But other schools are being more cautious. University of Cape Town has opted for a “limited-growth scenario,” according to Duncan Fraser, a chemical engineering professor and assistant dean for academic development. Fraser and other UCT engineering academics are proud to have produced more black engineers than any other South African university, and they aim to increase their first-year intake by 3 percent a year. But experience has given them a heightened awareness of the challenges. For this academic year, 5,000 applications arrived, but only a fraction of the applicants met the minimum qualifications. “We’re already going as low as we can go” in accepting students, says Fraser. Any lower and “we’ll just double the work with minimal extra output.”
Competing with Industry
Nelson Ijumba, dean of engineering at the University of KwaZulu-Natal, is also wary of taking in many more freshmen, not wanting to upset an already precarious student-teacher ratio. A full 46 percent of the places on his lecturing staff are currently unfilled, says Ijumba: “It’s as bad as that.” Pretoria’s Meyer complains that “staff are being head-hunted continuously.” Meyer, a professor of mechanical engineering, has himself turned down five private-sector offers in the past 12 months. Ijumba says even companies that sponsor scholarships for his students will then turn around and poach his teachers.
Money is the crux of the problem. Beatrys Lacquet, dean of engineering and the built environment at the University of the Witwatersrand (Wits), says that while industry used to pay double the salaries of academia, demand has pushed that multiple up to three and even four times faculty earnings. “Ooooh, the checkbooks are out, ‘What would you like?’” she quips.
Despite the dire shortage, engineering professors are typically paid the same as any other professor within South African universities. Some argue that this pay scale needs to change: “It’s not a crime to pay an engineering professor more than a professor of history,” contends Roy Marcus, who sits on the advisory group of the government-led initiative addressing the engineering deficit. “When the country is in a technical skills crisis, you would expect universities to throw more resources at engineering, not to treat all faculties the same.” Many also believe that the only solution is a further injection of government funds specifically targeted at engineering faculty salaries.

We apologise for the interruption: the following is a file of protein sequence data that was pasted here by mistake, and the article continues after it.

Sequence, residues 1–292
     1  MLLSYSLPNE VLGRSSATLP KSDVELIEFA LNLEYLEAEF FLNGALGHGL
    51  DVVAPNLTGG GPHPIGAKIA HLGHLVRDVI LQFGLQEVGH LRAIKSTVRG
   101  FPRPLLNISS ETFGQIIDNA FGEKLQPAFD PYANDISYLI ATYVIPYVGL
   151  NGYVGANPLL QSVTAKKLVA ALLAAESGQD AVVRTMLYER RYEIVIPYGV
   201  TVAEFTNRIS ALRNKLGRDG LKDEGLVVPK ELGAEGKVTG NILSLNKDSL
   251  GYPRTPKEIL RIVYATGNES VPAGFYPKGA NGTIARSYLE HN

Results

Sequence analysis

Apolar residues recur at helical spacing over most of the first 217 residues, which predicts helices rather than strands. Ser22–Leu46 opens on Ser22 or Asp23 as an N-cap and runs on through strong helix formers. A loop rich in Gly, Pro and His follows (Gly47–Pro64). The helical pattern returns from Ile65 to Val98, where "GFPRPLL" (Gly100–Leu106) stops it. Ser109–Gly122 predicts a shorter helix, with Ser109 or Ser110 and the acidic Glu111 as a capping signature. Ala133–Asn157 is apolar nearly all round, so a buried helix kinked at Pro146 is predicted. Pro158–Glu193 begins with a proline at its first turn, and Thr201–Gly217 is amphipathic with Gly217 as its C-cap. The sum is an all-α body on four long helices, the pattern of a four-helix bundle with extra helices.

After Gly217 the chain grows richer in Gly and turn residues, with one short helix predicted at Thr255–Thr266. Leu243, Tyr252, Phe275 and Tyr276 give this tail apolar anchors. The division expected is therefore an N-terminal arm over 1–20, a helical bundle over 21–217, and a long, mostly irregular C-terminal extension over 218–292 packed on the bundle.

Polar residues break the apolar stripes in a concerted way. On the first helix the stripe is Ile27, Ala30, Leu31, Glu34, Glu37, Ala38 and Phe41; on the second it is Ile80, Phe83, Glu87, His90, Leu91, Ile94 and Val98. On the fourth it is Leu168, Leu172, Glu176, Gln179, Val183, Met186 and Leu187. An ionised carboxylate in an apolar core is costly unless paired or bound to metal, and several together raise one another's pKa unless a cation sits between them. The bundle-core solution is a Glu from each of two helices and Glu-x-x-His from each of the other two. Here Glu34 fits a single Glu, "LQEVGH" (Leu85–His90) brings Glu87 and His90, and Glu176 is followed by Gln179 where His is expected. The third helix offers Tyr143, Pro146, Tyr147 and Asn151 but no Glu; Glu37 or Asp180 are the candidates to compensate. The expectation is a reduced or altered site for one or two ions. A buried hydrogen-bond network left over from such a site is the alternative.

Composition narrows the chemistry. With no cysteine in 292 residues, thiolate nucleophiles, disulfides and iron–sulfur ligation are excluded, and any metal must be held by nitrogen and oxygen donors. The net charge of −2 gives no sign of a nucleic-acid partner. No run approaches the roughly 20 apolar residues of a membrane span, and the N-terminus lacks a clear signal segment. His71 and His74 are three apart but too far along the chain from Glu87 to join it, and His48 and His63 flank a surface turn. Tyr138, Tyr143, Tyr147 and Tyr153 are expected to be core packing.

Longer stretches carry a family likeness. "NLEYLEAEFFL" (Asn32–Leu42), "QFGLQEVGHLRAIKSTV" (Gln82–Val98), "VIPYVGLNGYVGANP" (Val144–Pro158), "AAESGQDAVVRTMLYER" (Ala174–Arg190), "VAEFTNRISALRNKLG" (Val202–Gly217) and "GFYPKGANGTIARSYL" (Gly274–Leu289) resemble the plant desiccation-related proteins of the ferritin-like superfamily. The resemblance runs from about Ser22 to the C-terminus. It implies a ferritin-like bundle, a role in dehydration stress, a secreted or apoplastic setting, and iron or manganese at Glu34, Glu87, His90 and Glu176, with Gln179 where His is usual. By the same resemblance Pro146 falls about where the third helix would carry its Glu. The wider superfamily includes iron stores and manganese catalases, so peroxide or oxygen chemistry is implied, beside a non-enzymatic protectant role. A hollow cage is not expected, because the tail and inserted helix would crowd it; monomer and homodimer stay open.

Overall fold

The supply of qualified students coming out of South African high schools could prove even more intractable. Last year 565,000 high-school seniors took the matriculation examinations needed for graduation. Of that number, only 9,436 achieved a C or higher grade on the advanced science exam, just one of the requirements to enter engineering school. Yet to meet the government’s goal, more than a quarter of those elite graduates will need to attain an engineering degree.
The relatively poor preparation of black high school graduates has its roots in the apartheid racial-separation policy, abolished in the 1990s, which deprived blacks of a math and science education comparable to that of whites. The attitude underlying the policy was summed up in the 1950s by then Minister of Native Affairs Hendrik Verwoerd, who at one point stood before Parliament and asked, “What is the use of teaching a Bantu [African] child mathematics when it cannot use it in practice?” Under the 1953 Bantu Education Act, such racist beliefs became law. After Verwoerd moved on to become Prime Minister, he won passage of the Extension of University Education Act, creating separate universities for black students. Not one of these schools offered a bachelor’s degree in engineering.
Like a Poker Game
Today, universities compete intensely for the small number of black high-school graduates who have overcome this legacy—as well as for top white students, who still enjoy a high standard of education. The University of Stellenbosch used to recruit engineering students within its home province, the Western Cape. Now the Stellenbosch faculty have started taking their road show to the far corners of the country, inviting promising high-school students to “engineering evenings” that are sometimes held in towns 800 miles from the campus. “If you don’t go out and find the students, you have a problem,” says Leon Lorenzen, deputy dean of engineering at the university.
With such a small pool to draw from, recruiting may only serve to shift potential engineering students from one campus to another. In the province of Gauteng, the engineering programs at the University of Pretoria and the University of the Witwatersrand are growing rapidly, while the University of Johannesburg has suffered a sudden drop in its intake. Mike Case, a Johannesburg engineering department head, notes, “We’re playing a poker game, almost; it’s a limited pack.”